Marcia’s Meanderings

Well, seems Marcia’s mind is meandering all over the place today. However, my heart is focused on what we Islanders call the ‘mainland’ – the lower westernmost main land of the province of British Columbia, Canada. Living on Vancouver Island as I do – in Victoria at the southern tip – going to the mainland is a big event. There’s a fabulous 1 ½ hour ferry ride over the ocean and between the gorgeous and diverse smaller Gulf Islands of the Juan de Fuca Strait – the Salish Sea. The day is cool, bright and sunny. Perfect!

The highest joy of my day will be the time spent with my hubbie, sons, daughter-in-law and our 19 month old grandson. This is to be our family Christmas together. We have chosen not to exchange gifts – it is the time together that is important to us all. That time adds a richness to our lives that sustains us till our next gathering.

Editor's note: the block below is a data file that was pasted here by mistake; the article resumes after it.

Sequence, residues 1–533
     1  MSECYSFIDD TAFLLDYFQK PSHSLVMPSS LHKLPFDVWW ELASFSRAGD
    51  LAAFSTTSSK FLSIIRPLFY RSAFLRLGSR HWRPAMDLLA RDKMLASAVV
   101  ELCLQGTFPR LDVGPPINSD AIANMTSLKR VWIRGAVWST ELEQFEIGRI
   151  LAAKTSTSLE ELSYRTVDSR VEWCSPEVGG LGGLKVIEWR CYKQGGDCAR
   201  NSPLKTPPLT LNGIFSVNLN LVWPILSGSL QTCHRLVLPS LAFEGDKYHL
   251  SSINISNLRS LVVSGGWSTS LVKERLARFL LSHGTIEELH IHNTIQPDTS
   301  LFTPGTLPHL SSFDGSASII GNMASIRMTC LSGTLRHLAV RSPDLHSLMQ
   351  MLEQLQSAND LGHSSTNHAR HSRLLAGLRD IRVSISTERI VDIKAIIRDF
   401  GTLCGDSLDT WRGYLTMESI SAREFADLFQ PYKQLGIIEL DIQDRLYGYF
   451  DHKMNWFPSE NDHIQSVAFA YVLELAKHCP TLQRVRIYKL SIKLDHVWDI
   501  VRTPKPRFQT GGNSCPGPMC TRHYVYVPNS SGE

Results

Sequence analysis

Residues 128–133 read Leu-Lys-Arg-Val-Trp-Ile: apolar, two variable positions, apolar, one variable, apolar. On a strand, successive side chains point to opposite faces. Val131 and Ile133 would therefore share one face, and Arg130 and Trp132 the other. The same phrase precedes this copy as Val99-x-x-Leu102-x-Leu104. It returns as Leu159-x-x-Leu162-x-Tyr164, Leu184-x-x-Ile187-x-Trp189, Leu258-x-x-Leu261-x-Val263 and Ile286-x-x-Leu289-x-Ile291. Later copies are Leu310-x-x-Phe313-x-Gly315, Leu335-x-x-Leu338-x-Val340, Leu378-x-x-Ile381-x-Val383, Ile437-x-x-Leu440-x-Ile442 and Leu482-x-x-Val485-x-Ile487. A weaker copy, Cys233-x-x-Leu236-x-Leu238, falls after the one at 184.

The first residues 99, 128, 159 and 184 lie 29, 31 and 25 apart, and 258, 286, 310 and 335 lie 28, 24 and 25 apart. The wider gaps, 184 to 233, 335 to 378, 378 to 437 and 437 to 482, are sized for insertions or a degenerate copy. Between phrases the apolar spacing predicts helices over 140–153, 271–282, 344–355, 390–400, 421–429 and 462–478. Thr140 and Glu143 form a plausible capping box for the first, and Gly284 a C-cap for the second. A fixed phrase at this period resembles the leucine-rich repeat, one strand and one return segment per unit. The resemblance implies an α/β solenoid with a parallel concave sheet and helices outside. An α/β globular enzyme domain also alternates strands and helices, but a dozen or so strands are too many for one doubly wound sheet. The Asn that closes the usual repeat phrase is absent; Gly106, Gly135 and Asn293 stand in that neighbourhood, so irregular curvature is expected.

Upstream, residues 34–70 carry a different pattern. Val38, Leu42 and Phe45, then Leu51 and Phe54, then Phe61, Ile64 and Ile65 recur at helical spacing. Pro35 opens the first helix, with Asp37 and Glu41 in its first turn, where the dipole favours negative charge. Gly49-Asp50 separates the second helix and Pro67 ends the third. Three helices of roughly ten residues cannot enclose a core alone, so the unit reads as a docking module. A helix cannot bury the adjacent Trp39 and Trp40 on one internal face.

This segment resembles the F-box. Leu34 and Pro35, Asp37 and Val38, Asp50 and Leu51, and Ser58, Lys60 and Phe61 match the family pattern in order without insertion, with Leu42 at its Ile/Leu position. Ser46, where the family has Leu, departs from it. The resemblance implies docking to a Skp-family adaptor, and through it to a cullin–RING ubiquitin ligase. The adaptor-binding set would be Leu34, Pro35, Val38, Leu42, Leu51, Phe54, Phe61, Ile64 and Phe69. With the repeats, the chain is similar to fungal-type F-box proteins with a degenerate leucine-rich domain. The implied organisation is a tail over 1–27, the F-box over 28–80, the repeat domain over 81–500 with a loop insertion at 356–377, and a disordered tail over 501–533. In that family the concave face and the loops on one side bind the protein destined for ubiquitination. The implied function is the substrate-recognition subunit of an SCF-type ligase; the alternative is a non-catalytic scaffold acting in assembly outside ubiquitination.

Though I am usually rather chatty here, this is all you’ll read from me today. Succinct. Love that word! Means concise and to the point. Short and snappy. Brief. Even pithy. Pithy, now there’s a word to use before the end of a year. Okay, so the wordsmith in me has risen!!!!!

Come join me here next week. I’ll be posting more meanderings through the 52 weeks of the new year.

Have a terrific last week of 2009, folks. Be good to yourselves in 2010. You are so very worth it!

In Light & Laughter & Love,

Marcia

One Magic Christmas

Click to play Marcia and Mike's One Magic Christmas

Telling Tales: An Early Christmas Schnoodle

Hi Folks:  The link for the following story showed up in my email Inbox today, and this being Christmas and all, it was too beautiful not to share.  It was written by Trevor Lautens and first appeared in the December 24th edition of the Winnipeg Free Press.